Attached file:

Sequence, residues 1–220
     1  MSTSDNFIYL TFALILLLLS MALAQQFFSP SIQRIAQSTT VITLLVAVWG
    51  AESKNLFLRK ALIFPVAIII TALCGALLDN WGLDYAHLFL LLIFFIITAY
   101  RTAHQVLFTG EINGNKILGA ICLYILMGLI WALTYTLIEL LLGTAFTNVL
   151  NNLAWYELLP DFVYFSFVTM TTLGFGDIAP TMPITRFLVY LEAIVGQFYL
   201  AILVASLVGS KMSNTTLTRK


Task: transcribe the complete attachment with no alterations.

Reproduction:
Sequence, residues 1–220
     1  MSTSDNFIYL TFALILLLLS MALAQQFFSP SIQRIAQSTT VITLLVAVWG
    51  AESKNLFLRK ALIFPVAIII TALCGALLDN WGLDYAHLFL LLIFFIITAY
   101  RTAHQVLFTG EINGNKILGA ICLYILMGLI WALTYTLIEL LLGTAFTNVL
   151  NNLAWYELLP DFVYFSFVTM TTLGFGDIAP TMPITRFLVY LEAIVGQFYL
   201  AILVASLVGS KMSNTTLTRK